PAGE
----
lol, we might be building a national broadband network, but it's going to take so long to build that it'll be out of date. Realistically it's already out of date, as the NBN is only designed to have speeds of around 100 Mbit, whereas other countries have Gigabit internet connections available.
The best way to respond to wild accusations and attempts at fear mongering is a polite and reasonable response, that way it's harder for them to claim you're trying to "destroy our values", or whatever ASCAP was trying to make up.
I don't think he does either. All the filmmakers want is an exception so that they can use clips for their films. Provided the film is actually fair use then there should be no problem. That's the key, if it's fair use then there's no issue, if it's not fair use then it's infringement, but in either case the DMCA shouldn't be involved.
I think the ideal system is where the government owns the infrastructure and all the ISPs simply compete on distributing information over it. That causes competition between ISPs, keeping prices low and speeds high, and the government can fund investment into the speed and reach of the network, perhaps with help from the ISPs, like some sort of mandatory fee per user (like $5 a month or something).
What the US government should do is buy all the fiber networks in metro areas and allow the local ISPs to use them. Then use the revenue from the metro areas to expand outwards into the regional areas, and develop new technology to increase the range. Not everyone needs a fiber connection to their house, we could use fiber to the center of a town then use wireless to connect the last mile to the consumers.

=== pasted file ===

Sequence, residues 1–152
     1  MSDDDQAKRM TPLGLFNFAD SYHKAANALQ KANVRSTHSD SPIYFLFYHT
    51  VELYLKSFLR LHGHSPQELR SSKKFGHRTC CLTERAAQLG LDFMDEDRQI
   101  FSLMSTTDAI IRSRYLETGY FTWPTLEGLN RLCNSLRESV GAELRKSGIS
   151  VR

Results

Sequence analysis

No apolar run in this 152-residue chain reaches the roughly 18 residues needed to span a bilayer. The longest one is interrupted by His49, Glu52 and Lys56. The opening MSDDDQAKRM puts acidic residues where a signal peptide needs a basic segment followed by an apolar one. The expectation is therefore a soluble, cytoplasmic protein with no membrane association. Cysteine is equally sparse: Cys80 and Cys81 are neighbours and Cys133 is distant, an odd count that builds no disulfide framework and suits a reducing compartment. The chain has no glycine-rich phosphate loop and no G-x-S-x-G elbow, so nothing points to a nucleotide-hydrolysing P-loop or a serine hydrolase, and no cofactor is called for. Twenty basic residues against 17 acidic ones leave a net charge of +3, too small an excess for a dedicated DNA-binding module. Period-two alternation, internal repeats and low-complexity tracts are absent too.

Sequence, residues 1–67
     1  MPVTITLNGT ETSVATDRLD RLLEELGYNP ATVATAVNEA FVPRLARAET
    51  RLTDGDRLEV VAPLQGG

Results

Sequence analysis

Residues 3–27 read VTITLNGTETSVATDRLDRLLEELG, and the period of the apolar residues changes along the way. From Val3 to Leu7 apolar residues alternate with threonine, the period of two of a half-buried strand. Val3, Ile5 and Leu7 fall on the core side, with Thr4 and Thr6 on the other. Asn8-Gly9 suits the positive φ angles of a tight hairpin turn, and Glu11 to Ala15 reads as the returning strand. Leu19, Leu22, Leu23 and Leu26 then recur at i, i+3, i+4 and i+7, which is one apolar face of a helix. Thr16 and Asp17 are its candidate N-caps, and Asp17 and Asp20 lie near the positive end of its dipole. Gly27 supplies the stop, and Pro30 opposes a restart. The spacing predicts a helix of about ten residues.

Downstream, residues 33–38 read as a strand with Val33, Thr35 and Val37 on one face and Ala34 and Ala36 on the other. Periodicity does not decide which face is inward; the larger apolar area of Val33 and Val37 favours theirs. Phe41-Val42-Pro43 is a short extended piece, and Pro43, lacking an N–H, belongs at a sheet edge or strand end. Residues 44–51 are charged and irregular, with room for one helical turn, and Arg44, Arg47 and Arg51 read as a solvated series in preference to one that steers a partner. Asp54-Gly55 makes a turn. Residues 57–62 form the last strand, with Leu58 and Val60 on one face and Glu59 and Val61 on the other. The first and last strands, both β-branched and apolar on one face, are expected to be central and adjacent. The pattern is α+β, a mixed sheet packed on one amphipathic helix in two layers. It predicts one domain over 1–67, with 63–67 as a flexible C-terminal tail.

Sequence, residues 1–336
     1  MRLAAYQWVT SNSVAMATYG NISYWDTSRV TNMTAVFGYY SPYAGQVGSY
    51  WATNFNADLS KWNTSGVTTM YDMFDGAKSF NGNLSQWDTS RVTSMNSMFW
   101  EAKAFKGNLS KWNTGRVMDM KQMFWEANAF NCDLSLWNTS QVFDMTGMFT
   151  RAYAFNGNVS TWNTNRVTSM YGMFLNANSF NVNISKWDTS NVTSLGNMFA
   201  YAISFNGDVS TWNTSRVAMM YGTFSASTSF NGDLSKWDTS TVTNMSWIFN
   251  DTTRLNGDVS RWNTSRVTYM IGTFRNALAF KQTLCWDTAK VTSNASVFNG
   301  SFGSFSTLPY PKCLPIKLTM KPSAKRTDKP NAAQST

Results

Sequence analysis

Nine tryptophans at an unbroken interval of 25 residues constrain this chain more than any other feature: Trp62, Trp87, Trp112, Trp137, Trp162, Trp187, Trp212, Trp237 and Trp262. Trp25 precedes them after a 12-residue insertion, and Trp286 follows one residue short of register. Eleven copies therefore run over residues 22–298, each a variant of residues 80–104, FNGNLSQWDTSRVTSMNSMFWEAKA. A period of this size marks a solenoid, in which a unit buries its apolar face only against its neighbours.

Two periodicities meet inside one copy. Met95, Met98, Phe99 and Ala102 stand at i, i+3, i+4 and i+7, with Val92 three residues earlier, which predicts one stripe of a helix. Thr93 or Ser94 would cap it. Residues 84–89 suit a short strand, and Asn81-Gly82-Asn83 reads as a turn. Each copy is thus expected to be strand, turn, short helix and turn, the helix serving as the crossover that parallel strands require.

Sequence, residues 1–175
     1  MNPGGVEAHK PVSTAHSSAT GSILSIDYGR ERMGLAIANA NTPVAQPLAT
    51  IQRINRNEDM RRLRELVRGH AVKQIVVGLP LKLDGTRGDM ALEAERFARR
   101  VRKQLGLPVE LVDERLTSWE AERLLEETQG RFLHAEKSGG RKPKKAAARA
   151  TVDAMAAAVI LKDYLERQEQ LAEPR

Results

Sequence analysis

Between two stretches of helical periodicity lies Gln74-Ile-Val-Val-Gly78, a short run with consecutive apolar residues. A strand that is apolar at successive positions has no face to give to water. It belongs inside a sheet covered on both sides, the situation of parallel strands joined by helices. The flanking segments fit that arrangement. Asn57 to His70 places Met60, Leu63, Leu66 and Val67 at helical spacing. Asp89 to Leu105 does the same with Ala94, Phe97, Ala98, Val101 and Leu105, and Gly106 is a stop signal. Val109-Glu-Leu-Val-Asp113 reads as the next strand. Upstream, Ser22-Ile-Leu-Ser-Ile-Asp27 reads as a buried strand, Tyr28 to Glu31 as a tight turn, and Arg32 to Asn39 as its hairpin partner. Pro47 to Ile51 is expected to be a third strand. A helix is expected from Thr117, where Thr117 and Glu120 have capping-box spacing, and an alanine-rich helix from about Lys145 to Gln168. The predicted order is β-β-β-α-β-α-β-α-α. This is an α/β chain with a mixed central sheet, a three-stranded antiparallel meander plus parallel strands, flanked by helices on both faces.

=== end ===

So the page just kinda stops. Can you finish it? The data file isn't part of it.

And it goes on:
Of course this all assumes that the US government can be trusted to run such a service without screwing everyone over, which doesn't make me too optimistic about the future.
For the record, I live in Australia and we have a similar system to New Zealand, with one slight difference, no one seems to be interested in keeping Telstra (the company that owns most of the phone lines in the whole country) competitive. We made the mistake of privatizing the infrastructure itself, not just the company we'd created to run it, which has cause a huge number of problems since.
And caps aren't as bad as they seem, my connection is about 5Mbps with a 30GB cap (it's actually 30GB peak, 30GB off-peak and 30GB uploads). We also have arrangements with other ISPs to share bandwidth and content, so I have unmetered access (doesn't count towards my cap) to a large number of file mirrors and other sites, even things like the steam library are unmetered, and some ISPs have unmetered downlaods from Xbox Live. All you'd really in the US is a local mirror for Netflix content, Xbox Live and Steam and most people wouldn't come near their caps.
As long as there is a demand for a good there will be someone willing to supply it. That's the reason you can't get rid of a black market, not completely, unless you offer the goods that people want in a way they want. That's the main reason the war on drugs isn't working, you can't defeat the invisible hand.
There are also apps for the iPhone that can do blacklists. Also, you're phone doesn't have 8GB of RAM, it has 8GB of storage, and you might want to check to see if it's saving your texts on the phone's internal memory or if its saving it to an SD card.
I swear the politicians here in Australia aren't even listening to ANY of their constituents, because everyone has been complaining about their new censorship laws and they still seem to be going through with them. About the only good thing is there should be an election around the end of this year, so maybe we'll be able to send a message with our votes (I'm not holding my breath).